Thomas Theobald studied mathematics and economics at Goethe University Frankfurt from 2004 to 2010. Before that he became a trained bank clerk at Landesbank Rheinland-Pfalz, and while studying he worked part time, especially in the audit and risk management department at Landesbank Baden-Wuerttemberg. In May 2010 he started his graduate studies within a program of the IMK at Hans Boeckler Foundation and at Free University (FU) Berlin. From November 2010 to April 2011 he participated in the research project ‘Business Cycle Turning Points’ on behalf of the German Ministry of Finance. Thomas’s research interests include financial market regulation, time series econometrics, and agent-based modeling.
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[PART 2] U.S. Current Account Deficits and German Surpluses: The Role of Income Distribution in Global Imbalances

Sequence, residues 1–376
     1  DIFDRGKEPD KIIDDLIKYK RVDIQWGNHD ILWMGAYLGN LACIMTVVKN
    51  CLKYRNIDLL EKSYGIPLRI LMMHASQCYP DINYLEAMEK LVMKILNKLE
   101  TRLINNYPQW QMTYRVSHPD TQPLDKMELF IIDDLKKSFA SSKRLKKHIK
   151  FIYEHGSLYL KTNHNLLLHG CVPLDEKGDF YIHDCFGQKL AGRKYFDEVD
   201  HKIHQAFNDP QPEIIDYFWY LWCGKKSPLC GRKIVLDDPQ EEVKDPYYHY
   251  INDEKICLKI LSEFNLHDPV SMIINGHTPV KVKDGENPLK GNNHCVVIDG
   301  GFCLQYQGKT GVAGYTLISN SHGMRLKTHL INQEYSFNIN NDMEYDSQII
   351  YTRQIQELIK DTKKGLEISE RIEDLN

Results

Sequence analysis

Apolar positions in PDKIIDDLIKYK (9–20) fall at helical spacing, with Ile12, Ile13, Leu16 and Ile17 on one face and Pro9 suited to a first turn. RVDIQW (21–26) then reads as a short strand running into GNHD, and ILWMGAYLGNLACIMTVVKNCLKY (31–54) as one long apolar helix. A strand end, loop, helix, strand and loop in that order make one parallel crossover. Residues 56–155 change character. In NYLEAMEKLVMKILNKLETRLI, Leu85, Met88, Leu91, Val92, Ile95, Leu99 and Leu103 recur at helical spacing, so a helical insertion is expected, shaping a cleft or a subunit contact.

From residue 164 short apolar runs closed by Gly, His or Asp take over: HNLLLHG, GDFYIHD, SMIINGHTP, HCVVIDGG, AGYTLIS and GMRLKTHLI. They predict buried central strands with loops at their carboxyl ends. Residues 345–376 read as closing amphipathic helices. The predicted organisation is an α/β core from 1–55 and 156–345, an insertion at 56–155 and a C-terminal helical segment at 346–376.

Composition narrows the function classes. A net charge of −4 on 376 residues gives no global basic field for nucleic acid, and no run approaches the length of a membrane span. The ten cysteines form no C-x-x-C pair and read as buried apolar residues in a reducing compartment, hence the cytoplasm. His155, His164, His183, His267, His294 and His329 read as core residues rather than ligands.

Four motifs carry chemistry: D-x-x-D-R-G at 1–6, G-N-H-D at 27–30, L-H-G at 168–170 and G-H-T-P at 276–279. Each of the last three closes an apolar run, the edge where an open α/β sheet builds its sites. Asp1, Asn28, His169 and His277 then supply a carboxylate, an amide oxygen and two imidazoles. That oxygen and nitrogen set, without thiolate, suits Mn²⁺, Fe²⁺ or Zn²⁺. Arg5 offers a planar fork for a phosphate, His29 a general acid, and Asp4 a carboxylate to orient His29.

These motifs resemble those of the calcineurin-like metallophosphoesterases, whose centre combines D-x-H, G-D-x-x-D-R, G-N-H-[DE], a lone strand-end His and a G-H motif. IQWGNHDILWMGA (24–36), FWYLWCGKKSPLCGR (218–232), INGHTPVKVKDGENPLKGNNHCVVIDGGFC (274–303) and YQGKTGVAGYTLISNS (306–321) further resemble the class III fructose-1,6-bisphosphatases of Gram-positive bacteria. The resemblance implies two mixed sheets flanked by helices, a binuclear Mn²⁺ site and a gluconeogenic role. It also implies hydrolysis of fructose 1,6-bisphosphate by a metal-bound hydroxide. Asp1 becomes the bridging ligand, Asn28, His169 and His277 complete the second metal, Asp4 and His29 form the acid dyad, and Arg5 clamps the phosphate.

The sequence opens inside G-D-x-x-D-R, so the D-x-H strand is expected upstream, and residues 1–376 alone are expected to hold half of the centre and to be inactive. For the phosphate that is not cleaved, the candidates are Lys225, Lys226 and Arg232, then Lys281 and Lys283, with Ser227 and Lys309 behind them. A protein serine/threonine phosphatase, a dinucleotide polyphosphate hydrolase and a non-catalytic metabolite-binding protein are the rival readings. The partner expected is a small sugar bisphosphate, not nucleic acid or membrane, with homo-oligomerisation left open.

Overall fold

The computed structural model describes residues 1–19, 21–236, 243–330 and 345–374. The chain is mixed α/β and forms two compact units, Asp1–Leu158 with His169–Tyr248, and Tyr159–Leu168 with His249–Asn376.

In our two papers, we analyze how changes in personal and functional (wages versus profits) income distribution interact to produce different macroeconomic outcomes in different countries. On the basis of a stock-flow consistent model calibrated for the United States, Germany, and China, simulations suggest that a substantial part of the increase in household debt and the decrease in the current account in the United States since the early 1980s can be explained by the interplay of rising (top-end) household income inequality and certain institutions (e.g. easy access to credit, privately financed education and health care systems).
We develop a three-country, stock-flow consistent macroeconomic model to study the effects of changes in both personal and functional income distribution on national current account balances.
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Institute for New Economic Thinking grantees Christian Belabed and Thomas Theobald and their co-authors have revived this old theory as a hypothesis to explain the apparent statistical link between rising income inequality and current account deficits.